As organizations across a wide swath of industries dip further into the mobile revolution, there’s a growing need to develop robust apps that provide broader and deeper functionality. At Emory University, a leading research university with more than 25,000 employees and 15,000 students, the concept is more than academic.
“There is a need to manage data and information in more sophisticated ways and connect people to it efficiently,” says Stephen Wheat, chief IT architect for the Atlanta-based school.
The mobile initiative began to take shape about three years ago. “We began looking at how the computing landscape was changing and some of the emerging challenges for getting the right information into user’s hands at the best possible place and moment,” Wheat explains, “and it was clear that mobility was at the center of things.”
Consequently, Emory University began investing in infrastructure upgrades to support mobility, while also laying out a process framework for building, reviewing and distributing mobile apps.
There were a few major drivers. “On the research side, there isn’t a better modality for gathering and distributing data than the mobile environment,” Wheat says. “The device that just about everyone is guaranteed to have available at any given moment is their smartphone.”
As a result, Emory has rolled out a collection of mobile apps and tools that are redefining everything from research and medicine to school services and human resources. The apps—the school currently offers about 20—are a key part of an overall strategy that focuses on digital information delivery and a more efficient and cost-effective IT infrastructure.
The university turned to Apperian, a provider of mobile app development and management tools, to support the mobile apps and IT infrastructure. For example, Emory now provides surgeons at the Grady Memorial Hospital trauma center with a clinical mobile app that helps them understand whether a massive transfusion is necessary and identify patients that would benefit from it.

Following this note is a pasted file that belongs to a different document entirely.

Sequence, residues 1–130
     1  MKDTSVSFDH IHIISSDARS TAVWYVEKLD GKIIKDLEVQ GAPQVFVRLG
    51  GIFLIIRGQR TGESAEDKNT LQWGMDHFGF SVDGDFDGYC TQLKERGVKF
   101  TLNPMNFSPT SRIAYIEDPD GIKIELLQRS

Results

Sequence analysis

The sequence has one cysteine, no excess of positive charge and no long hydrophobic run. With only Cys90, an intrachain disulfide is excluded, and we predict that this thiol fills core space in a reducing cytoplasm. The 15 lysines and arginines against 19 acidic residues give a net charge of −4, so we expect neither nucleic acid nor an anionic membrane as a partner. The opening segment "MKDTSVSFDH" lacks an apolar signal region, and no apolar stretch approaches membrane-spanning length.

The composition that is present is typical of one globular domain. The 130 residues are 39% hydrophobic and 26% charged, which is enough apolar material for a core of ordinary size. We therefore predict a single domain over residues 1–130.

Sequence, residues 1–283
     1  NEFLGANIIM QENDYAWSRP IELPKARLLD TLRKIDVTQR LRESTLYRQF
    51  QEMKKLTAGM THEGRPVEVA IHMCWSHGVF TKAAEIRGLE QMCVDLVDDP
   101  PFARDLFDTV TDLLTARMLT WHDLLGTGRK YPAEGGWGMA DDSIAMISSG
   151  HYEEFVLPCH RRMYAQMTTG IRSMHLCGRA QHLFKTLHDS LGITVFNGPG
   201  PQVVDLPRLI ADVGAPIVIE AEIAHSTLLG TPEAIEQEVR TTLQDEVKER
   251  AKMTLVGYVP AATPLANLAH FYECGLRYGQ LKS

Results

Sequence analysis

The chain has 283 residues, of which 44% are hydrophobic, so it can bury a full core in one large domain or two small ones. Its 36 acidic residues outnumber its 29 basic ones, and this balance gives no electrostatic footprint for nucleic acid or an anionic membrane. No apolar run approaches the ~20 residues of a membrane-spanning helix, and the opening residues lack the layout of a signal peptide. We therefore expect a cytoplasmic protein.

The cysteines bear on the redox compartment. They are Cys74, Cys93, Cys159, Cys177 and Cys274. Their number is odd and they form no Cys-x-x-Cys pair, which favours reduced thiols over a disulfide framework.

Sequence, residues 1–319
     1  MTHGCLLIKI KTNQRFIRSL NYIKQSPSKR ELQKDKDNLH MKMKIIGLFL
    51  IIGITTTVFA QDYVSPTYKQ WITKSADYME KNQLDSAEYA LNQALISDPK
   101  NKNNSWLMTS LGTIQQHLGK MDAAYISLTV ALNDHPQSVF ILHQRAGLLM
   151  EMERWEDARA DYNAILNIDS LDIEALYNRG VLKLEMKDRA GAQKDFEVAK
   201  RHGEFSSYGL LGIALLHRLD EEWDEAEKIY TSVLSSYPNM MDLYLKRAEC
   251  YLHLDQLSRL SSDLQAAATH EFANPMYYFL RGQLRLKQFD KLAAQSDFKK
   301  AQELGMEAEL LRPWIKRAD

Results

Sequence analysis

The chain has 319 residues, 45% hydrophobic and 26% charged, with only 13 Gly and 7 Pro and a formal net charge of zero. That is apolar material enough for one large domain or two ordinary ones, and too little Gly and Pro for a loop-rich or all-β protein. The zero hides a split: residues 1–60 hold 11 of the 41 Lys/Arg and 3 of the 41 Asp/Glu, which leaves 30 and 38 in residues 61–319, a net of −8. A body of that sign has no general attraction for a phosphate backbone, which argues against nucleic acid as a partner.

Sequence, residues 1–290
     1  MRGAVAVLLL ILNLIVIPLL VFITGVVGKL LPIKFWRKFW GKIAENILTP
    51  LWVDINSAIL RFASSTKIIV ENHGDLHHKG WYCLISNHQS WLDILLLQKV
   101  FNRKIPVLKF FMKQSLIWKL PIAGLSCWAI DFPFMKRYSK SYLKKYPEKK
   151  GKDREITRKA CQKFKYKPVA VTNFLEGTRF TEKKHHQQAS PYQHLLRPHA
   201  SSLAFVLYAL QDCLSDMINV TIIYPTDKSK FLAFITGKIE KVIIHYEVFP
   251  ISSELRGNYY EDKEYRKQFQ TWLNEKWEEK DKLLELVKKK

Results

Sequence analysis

Other clinical apps deliver best practices for surgeons, educational materials for doctors and patients, and post-transplant and procedure practices for perioperative cleaning and hygiene. Other medical apps cover everything from anatomy to general welfare, such as tracking seizures, sleep patterns, stress levels, suicide prevention and compliance with medicine.
The university uses the Apperian catalog to manage and distribute the apps, which are typically available on the Apple iOS and Android mobile platforms.
Increasingly, Emory University is making apps and functionality available via iPads, which fills an entirely different set of niche requirements in medical facilities and elsewhere. More general apps address everything from library resources to student news and events.
One challenge, Wheat says, has been building essential security and privacy protections, including HIPAA (the Health Insurance Portability and Accountability Act) mandates, in an increasingly BYOD (bring your own device) world. That has meant using encryption and specialized data storage tools.
Another challenge has revolved around the speed at which mobility is advancing. “For every app we build, there are probably four or five others we could produce, but there are limits on our budget and practical realities to building and introducing apps,” Wheat explains. The school currently has about 14 new apps in the pipeline.
“We’re introducing more and more apps to address a growing array of tasks and challenges,” Wheat reports. “We’re attempting to put information into people’s hands when and where they can use it most effectively.”